Detailed guides to painful problems, treatments & more

The hiccup hack: suckin’ and swallowin’

 •  • by Paul Ingraham
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Weekly nuggets of pain science news and insight, usually 100-300 words, with the occasional longer post. The blog is the “director’s commentary” on the core content of PainScience.com: a library of major articles and books about common painful problems and popular treatments. See the blog archives or updates for the whole site.

Bizarrely, this is a post about a hiccup cure … which actually works because it sucks. (That will be funnier once I’ve had a chance to explain.) It’s quite an unusual post, in three ways:

  1. It’s a completely positive report about a treatment that actually works, with no significant caveats (except perhaps that it’s not a pain treatment).
  2. This is legitimately useful information. This post can actually improve the lives of most people who read it. Slightly.
  3. I endorse a product. I can’t even remember the last time I did that! It has been years at least. And, no, I’m not profiting from it. The only way I make any money from this post is if you think, “Such great content! I should buy a premium subscription! for $6/month (or $60/year) to unlock more posts and lots of members-only content around PainScience.com.” Otherwise I get bupkis.

Hiccups are not generally painful, but they are cousin to painful things. They are the king of weird, annoying spasms — one of the most familiar of dozens of kinds of unwanted muscle contractions, most of which we don’t understand and/or can’t treat (and some of which are painful).

There are many quaint home remedies and folk cures for hiccups. But probably none of those work anywhere near as well as a FISST: a forced inspiratory suction and swallow tool.

The “Hiccaway” straw. It doesn’t suck. Not easily, anyway.

Introducing HiccAway

HiccAway is a resistance straw, which means that it is a sucky straw for sucking. It doesn’t work at all well as a normal straw because it’s much too hard to pull water through it — by design. That’s the “forced inspiratory suction” part of the tool.

The “and swallow” part is because we can get some water through it. And we swallow that as it trickles through.

So using the straw combines a strong sucking action with swallowing, which is unusual. (Not exactly unheard of, but … okay, I think I’ve said enough.)

The sucking + swallowing combo “short circuits” the hiccups. And this is actually an evidence-based cure, a weird but cromulent little neurological hack. The HiccAway:

stopped hiccups in nearly 92% cases and was rated favorably compared with home remedies across all demographic characteristics, hiccup frequencies, and hiccup durations.

That was the result of one kinda lame little clinical trial (see Alvarez).

Why isn’t this “too good to be true”?

Normally I would dismiss a study like that. Why not this time?

  • The mechanism is plausible. Normally when I scoff at a weak trial, it’s because it’s barely positive evidence for something that was kind of a reach in the first place.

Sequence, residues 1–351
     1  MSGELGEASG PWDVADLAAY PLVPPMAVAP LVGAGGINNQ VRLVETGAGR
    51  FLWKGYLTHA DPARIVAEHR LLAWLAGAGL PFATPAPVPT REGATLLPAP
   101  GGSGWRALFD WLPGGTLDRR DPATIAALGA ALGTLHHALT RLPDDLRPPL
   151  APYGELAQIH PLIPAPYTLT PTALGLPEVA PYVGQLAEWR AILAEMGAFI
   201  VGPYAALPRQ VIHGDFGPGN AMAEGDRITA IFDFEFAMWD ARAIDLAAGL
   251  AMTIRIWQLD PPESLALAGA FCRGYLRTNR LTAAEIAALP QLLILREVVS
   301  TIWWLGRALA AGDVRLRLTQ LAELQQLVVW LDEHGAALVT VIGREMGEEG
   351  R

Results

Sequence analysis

• This is not a “barely” positive trial: it’s strongly positive, a full-power thumbs up, a hands-down winner. And why isn’t that too good to be true? Well…
  • The stakes are low. It’s not all that extraordinary claim, so it doesn’t need extraordinary evidence. The bar is lower. Just like a small study can easily show that soap is slippery, a small study can show that there is a way to stop hiccups.
  • Straightforward outcomes are easier to test for, and hiccups are straightforward: you have them, or you don’t. No one's being temporarily fooled into thinking that they don’t have the hiccups. (Which happens all the time with trials of pain treatments.)

It worked for me

This is a bit embarrassing, because I am so professionally allergic to using anecdotes. But … the results of the study are completely consistent with my own personal experience with the device.

For whatever it is worth, I have tried the HiccAway this year (2022), and it has worked immediately and perfectly each of the half dozen or so times I’ve used it. I feel a bit uneasy about this endorsement, but it just seems so definitive: I simply have not been bothered by hiccups since it came into my life.

Before: Hiccups were actually a frustrating problem from me, significant because they often interfered with sleep. I tend to get hiccups at night.

After: No more problem. I simply don’t seem to have to worry about hiccups any more.

Over the years, I have tried dozens of treatment gadgets and nostrums for pain, and not one of them has ever worked even half as well for me as this hiccup cure. (Indeed, I’m hard pressed to think of one that has worked at all.)

Did I really just write a post about a hiccup cure?

Why? Other than the obvious utility of a hiccup cure that isn’t bullshit…

What most interests me about this is that FISST’ing actually stops one kind of spasm. That gives me a little hope that there might be similar mechanisms for other kinds of spasms and cramps, especially the disabling and painful ones. I don’t know of any other similar example, unfortunately. But this example demonstrates nicely that spasms aren’t entirely invincible … and that’s just nice to know.